Are socio-economically disadvantaged Australians making more or less use of the Enhanced Primary Care Medicare Benefit Schedule item numbers?

David Wilkinson, Heather McElroy, Justin Beilby, Kathy Mott, Kay Price, Sue Morey, John Best

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    11 Citations (Scopus)


    We aimed to examine the relationship between levels of socio-economic disadvantage (measured by the Socio Economic Indexes for Areas [SEIFA] used by the Australian Bureau of Statistics) and uptake of the Enhanced Primary Care (EPC) item numbers on the Medicare Benefits Schedule. Health services are often less likely to reach those that most need them and so it is important to monitor whether disadvantaged communities are accessing EPC The rates of health assessments, care plans and case conferences are similar in each SEIFA quartile (from advantaged to disadvantaged populations), favouring the more disadvantaged quartiles in some cases. These national trends are not observed in each state and territory. For all EPC services combined, the lowest number of doctors that provide EPC services are found in the 2 most disadvantaged quartiles, yet more EPC services are provided in these quartiles, due to the higher mean and median number of services provided by general practitioners in these quartiles. Overall, populations living in the most disadvantaged quartiles have similar or higher levels of EPC uptake, apparently due, at least in part, to greater than average use of EPC services by general practitioners in these areas.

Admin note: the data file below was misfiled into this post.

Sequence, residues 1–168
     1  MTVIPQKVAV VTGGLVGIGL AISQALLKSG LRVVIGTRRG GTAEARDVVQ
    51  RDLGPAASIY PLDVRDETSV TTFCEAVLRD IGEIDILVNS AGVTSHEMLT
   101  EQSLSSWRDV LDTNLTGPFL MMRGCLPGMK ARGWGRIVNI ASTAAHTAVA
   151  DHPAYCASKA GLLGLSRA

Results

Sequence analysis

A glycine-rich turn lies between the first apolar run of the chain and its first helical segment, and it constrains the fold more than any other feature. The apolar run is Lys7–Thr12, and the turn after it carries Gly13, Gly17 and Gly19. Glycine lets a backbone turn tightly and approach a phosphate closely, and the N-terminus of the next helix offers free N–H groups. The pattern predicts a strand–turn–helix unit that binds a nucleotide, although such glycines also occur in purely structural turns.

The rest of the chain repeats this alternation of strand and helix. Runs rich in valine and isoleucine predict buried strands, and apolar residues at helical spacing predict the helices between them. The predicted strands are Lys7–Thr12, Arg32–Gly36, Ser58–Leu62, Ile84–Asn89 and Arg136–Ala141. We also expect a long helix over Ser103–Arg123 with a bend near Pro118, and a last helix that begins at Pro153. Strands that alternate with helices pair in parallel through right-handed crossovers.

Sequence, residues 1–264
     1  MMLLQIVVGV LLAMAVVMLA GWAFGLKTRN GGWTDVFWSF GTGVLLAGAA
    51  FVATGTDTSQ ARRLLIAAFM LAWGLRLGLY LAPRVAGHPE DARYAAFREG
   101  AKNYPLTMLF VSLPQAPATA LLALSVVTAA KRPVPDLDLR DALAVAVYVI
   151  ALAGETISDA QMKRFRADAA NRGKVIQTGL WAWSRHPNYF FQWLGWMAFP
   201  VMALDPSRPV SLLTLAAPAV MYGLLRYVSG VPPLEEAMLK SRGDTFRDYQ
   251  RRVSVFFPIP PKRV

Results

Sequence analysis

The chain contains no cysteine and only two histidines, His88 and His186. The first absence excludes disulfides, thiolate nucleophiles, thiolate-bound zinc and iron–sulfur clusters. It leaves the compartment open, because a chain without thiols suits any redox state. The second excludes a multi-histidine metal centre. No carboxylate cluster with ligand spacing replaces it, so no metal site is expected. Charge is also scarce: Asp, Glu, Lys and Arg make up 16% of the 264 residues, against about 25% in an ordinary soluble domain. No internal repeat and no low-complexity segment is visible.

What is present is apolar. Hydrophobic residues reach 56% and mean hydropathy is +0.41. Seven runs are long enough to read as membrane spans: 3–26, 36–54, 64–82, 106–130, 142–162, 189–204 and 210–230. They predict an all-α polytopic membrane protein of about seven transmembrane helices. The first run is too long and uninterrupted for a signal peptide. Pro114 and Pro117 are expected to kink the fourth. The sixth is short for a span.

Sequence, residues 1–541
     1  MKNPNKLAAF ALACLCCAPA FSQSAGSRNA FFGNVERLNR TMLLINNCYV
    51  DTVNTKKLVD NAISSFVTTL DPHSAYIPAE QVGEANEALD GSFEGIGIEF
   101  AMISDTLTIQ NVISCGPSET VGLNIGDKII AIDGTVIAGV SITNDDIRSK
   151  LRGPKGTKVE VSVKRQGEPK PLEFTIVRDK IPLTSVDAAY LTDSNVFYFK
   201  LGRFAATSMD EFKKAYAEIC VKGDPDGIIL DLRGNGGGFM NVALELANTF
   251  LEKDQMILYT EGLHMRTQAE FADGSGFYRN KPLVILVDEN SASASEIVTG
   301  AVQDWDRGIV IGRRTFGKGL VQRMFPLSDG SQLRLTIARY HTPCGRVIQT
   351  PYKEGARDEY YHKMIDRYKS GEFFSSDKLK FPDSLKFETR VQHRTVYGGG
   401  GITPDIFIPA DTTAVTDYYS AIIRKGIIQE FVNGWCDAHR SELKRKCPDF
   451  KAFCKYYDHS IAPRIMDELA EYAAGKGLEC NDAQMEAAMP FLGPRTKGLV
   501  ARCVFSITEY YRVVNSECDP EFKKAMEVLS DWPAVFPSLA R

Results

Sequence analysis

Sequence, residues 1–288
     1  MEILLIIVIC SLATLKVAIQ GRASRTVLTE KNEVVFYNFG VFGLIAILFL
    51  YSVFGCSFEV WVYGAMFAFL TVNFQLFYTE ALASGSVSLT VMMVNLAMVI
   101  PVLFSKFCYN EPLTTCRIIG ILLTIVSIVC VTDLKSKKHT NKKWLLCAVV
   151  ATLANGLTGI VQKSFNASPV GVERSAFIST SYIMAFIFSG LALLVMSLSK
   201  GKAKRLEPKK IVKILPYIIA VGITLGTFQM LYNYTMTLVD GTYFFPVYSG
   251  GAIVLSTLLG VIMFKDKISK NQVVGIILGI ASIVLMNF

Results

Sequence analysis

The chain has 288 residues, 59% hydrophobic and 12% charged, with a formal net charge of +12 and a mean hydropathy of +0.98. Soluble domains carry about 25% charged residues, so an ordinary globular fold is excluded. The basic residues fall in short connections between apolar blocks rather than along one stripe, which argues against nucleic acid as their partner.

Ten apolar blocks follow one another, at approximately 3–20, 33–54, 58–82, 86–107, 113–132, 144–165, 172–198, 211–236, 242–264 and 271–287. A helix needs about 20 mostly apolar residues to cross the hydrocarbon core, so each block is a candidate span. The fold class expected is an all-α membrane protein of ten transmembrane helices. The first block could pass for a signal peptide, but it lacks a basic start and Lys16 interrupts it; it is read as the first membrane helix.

Original languageEnglish
    Pages (from-to)43-49
    Number of pages7
    JournalAustralian health review : a publication of the Australian Hospital Association
    Issue number3
    Publication statusPublished or Issued - 2003

    ASJC Scopus subject areas

    • Health Policy

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